Yong Chen, Peipei Liu, Feng Gao, Hao Cheng, Jianxun Qi, George F. Gao
2010, 1(2): 153-160. doi: 10.1007/s13238-010-0022-1
PD-L1 is a member of the B7 protein family, most of whose members so far were identified as dimers in a solution and crystalline state, either complexed or uncomplexed with their ligand(s). The binding of PD-L1 with its receptor PD-1 (CD279) delivers an inhibitory signal regulating the T cell function. Simultaneously with the Garboczi group, we successfully solved another structure of human PD-L1 (hPD-L1). Our protein crystallized in the space group of C2221 with two hPD-L1 molecules per asymmetric unit. After comparison of reported B7 structures, we have found some intrinsic factors involved in the interaction of these two molecules. Based on these results, we tend to believe this uncomplexed hPD-L1 structure demonstrated its potential dimeric state in solution, althougt it could just be an evolutionary relic, too weak to be detected under present technology, or still a functional unit deserved our attentions.
Metaxin deficiency alters mitochondrial membrane permeability and leads to resistance to TNF-induced cell killing
Koh Ono, Xiaofei Wang, Sung Ouk Kim, Lucas C. Armstrong, Paul Bornstein, Jiahuai Han
2010, 1(2): 161-173. doi: 10.1007/s13238-010-0017-y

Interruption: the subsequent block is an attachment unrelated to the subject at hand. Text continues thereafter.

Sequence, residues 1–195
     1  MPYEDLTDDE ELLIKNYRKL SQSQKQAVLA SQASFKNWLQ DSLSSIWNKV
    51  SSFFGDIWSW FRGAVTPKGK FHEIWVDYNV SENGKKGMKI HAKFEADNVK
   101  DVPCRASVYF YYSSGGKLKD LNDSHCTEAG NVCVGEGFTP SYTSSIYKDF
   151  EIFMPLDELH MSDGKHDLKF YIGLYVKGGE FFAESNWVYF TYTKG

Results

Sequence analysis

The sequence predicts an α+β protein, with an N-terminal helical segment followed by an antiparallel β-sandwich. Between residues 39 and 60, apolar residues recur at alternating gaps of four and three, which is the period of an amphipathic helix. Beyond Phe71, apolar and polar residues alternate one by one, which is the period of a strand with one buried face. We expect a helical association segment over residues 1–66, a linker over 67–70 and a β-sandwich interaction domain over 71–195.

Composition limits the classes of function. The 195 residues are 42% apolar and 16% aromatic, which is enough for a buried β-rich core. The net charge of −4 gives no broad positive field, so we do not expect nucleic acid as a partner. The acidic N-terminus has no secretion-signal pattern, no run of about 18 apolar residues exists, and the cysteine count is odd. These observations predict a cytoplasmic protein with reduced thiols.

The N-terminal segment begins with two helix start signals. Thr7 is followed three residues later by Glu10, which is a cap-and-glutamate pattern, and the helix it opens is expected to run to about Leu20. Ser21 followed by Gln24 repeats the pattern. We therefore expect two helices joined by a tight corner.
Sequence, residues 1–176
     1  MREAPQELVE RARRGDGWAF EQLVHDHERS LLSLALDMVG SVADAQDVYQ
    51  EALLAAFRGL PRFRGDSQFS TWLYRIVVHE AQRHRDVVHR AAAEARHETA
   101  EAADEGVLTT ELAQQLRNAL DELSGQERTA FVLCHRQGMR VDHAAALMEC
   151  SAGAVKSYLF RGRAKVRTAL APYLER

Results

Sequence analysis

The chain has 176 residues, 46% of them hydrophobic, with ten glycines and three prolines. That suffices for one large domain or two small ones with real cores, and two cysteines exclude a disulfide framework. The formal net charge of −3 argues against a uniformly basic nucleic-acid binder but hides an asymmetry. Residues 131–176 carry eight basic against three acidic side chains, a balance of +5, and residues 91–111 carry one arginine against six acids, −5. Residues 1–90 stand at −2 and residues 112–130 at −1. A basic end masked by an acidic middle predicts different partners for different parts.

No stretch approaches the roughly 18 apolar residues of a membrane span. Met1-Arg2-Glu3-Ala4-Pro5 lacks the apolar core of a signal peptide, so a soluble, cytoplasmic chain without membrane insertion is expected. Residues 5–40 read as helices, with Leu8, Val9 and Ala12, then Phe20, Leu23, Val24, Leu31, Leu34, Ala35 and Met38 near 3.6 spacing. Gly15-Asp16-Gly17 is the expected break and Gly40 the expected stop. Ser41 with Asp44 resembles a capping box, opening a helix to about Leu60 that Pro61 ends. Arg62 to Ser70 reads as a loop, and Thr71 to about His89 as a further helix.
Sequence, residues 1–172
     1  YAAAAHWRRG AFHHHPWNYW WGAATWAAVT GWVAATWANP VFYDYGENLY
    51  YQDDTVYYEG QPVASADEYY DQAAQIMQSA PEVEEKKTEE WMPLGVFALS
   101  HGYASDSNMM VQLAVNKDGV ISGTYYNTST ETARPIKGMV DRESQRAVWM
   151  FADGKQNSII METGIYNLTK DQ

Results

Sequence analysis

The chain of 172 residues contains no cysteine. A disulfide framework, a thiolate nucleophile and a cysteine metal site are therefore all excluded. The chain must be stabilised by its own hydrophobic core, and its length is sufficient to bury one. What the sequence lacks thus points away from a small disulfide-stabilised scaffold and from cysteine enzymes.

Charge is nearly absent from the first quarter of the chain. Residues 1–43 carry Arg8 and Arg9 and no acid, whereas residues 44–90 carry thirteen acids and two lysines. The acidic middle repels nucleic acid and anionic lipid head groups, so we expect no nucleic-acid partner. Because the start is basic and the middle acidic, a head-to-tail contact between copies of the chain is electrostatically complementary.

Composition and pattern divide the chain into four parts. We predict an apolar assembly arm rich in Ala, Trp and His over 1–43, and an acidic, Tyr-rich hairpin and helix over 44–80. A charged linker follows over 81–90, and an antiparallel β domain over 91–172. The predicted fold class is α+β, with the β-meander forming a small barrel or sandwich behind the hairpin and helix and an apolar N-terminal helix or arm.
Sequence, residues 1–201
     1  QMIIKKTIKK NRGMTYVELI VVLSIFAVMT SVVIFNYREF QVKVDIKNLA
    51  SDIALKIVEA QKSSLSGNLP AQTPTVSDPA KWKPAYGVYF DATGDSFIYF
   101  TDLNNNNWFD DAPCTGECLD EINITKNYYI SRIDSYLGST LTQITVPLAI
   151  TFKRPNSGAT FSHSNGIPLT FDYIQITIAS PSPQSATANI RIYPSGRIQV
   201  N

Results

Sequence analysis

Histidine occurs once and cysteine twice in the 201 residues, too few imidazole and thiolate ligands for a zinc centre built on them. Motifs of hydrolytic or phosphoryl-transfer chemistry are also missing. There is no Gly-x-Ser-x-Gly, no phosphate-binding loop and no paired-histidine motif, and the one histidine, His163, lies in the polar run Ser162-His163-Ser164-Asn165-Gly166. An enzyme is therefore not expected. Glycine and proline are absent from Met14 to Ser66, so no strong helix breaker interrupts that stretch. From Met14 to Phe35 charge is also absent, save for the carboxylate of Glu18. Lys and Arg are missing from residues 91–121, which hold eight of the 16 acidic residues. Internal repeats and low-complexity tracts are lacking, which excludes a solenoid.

Metaxin, a mitochondrial outer membrane protein, is critical for TNF-induced cell death in L929 cells. Its deficiency, caused by retroviral insertion-mediated mutagenesis, renders L929 cells resistance to TNF killing. In this study, we further characterized metaxin deficiency-caused TNF resistance in parallel with Bcl-XL overexpressionmediated death resistance. We did not find obvious change in mitochondria membrane potential in metaxindeficient (Metmut) and Bcl-XL-overexpressing cells, but we did find an increase in the release rate of the mitochondrial membrane potential probe rhodamine 123 (Rh123) that was preloaded into mitochondria. In addition, overexpression of a function-interfering mutant of metaxin (MetaΔTM/C) or Bcl-XL in MCF-7.3.28 cells also resulted in an acquired resistance to TNF killing and a faster rate of Rh123 release, indicating a close correlation between TNF resistance and higher rates of the dye release from the mitochondria. The release of Rh123 can be controlled by the mitochondrial membrane permeability transition (PT) pore, as targeting an inner membrane component of the PT pore by cyclosporin A (CsA) inhibited Rh123 release. However, metaxin deficiency and Bcl-XL overexpression apparently affect Rh123 release from a site(s) different from that of CsA, as CsA can overcome their effect. Though both metaxin and Bcl-XL appear to function on the outer mitochondrial membrane, they do not interact with each other. They may use different mechanisms to increase the permeability of Rh123, since previous studies have suggested that metaxin may influence certain outer membrane porins while Bcl-XL may form pores on the outer membrane. The alteration of the mitochondrial outer membrane properties by metaxin deficiency and Bcl-XL overespression, as indicated by a quicker Rh123 release, may be helpful in maintaining mitochondrial integrity.